The output of integrator 23 and adjustable time delay 18 are also connected to a computer 25, the output of which is connected to a display device indicated by the numeral 26.
In the operation of the system herein disclosed, the switch 14 is initially set to the Record position and a tape recording is made on tape recorder 15 of the ambient underwater noise signals. A tape recording covering a period of thirty minutes has been found to be a suitable and convenient source of seismic signals for operation of the system as a depth sounder.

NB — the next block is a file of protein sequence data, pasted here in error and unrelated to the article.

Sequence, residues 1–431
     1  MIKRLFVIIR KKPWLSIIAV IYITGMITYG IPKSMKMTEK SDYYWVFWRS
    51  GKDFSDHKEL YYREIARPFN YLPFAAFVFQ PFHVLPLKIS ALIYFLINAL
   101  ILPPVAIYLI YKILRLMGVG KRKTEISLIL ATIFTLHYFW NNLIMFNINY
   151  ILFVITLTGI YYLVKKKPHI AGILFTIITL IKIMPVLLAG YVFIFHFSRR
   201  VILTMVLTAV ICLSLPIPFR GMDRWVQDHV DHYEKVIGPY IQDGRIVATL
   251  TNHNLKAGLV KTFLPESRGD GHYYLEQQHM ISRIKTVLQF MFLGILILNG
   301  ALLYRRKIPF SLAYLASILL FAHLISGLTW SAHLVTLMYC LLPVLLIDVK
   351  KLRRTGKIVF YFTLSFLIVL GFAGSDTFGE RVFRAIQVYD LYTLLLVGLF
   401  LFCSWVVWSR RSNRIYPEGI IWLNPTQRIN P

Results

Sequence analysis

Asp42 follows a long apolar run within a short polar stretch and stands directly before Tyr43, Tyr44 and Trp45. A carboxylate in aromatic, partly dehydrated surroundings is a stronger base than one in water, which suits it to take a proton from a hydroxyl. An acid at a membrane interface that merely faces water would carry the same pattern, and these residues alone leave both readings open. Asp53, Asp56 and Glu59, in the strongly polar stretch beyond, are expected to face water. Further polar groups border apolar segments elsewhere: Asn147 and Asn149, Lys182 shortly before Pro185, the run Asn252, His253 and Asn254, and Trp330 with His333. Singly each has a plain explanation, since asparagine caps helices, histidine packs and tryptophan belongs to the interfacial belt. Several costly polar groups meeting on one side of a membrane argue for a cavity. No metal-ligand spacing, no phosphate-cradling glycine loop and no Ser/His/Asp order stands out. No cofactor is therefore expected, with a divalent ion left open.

When information regarding the depth of the water immediately beneath the ship is desired, the tape recorder 15 is turned on and a length of recorded tape inserted therein is thus made effective to generate electric signals for the measurement of the water depth. These signals are amplified through power amplifier 16 and transmitted by projector 11 downwardly through the water. The reflected signals from the bottom are picked up by hydrophone 10 and amplified through preamplifier 13, the preamplified signals passing through switch 14 and Playback contact thereof to amplifier 19 and thence to clipper 21 from whence the signals are fed into correlator 22.